Confiance was intended to undermine support for both the British and Free French forces in the early years of the Second World War. It features possibly the ugliest octopus ever rendered in print, bearing the face of Winston Churchill rendered as a cross between W.C. Fields and a Japanese demon. This Churchillian octopus has no fewer than 12 tentacles, wrapping themselves around Europe, Africa and the Near East. Those at Norway, Germany[?], Mers El-Kébir, Lybia and Egypt, Somalia and Syria are reduced to bloody stumps, representing supposed “amputations” from the British Empire. From the French perspective, the events at Mers El-Kébir in North Africa were probably the most notable: There, on July 3, 1940, the British opened fire on a Vichy French fleet to prevent it from falling into Nazi hands, sinking six ships and killing almost 1300 French sailors.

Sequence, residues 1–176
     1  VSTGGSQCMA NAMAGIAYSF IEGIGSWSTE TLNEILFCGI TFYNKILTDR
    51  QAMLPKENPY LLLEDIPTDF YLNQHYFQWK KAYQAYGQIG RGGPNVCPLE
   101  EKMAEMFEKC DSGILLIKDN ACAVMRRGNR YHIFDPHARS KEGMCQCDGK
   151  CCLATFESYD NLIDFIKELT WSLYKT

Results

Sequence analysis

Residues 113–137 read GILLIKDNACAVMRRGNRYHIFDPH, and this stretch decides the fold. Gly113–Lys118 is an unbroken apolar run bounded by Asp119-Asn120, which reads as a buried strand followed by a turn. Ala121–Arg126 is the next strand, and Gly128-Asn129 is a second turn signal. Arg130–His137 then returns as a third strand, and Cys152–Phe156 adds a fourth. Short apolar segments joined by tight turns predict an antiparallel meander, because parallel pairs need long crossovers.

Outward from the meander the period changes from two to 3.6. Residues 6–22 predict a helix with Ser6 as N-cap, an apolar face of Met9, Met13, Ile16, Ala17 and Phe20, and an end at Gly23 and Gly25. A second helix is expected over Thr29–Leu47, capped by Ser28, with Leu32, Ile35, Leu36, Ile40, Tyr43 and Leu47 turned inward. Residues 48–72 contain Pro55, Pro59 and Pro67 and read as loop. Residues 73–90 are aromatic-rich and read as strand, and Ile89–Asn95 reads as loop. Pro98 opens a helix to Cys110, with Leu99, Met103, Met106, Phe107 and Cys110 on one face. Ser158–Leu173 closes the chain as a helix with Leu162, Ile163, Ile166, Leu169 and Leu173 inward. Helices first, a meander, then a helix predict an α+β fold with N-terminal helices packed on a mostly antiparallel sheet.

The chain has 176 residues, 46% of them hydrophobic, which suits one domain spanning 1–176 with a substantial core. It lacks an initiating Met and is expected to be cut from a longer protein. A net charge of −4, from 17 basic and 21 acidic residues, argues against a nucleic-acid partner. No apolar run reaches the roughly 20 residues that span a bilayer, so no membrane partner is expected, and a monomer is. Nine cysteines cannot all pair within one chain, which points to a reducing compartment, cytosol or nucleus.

Writers date Confiance to 1941 or -42, but there is some disagreement on the source. Some treat it as a “Vichy” map, but Curtis & Pedersen attribute it to the Propaganda-Abetilung Frankreich, the Nazi propaganda unit in occupied France. The identity of “SPK” (or “PSK”) is not known, but the acronym appeared on a number of other anti-British posters produced at the time.
In 2019 an example of the map was exhibited in the British Library’s major exhibition, Magnificent Maps.
Barber & Harper, Magnificent Maps, p. 165 (illus.) Curtis & Pedersen, War Map, pp. 136-139 (illus.) Persuasive Maps: PJ Mode Collection, #2123.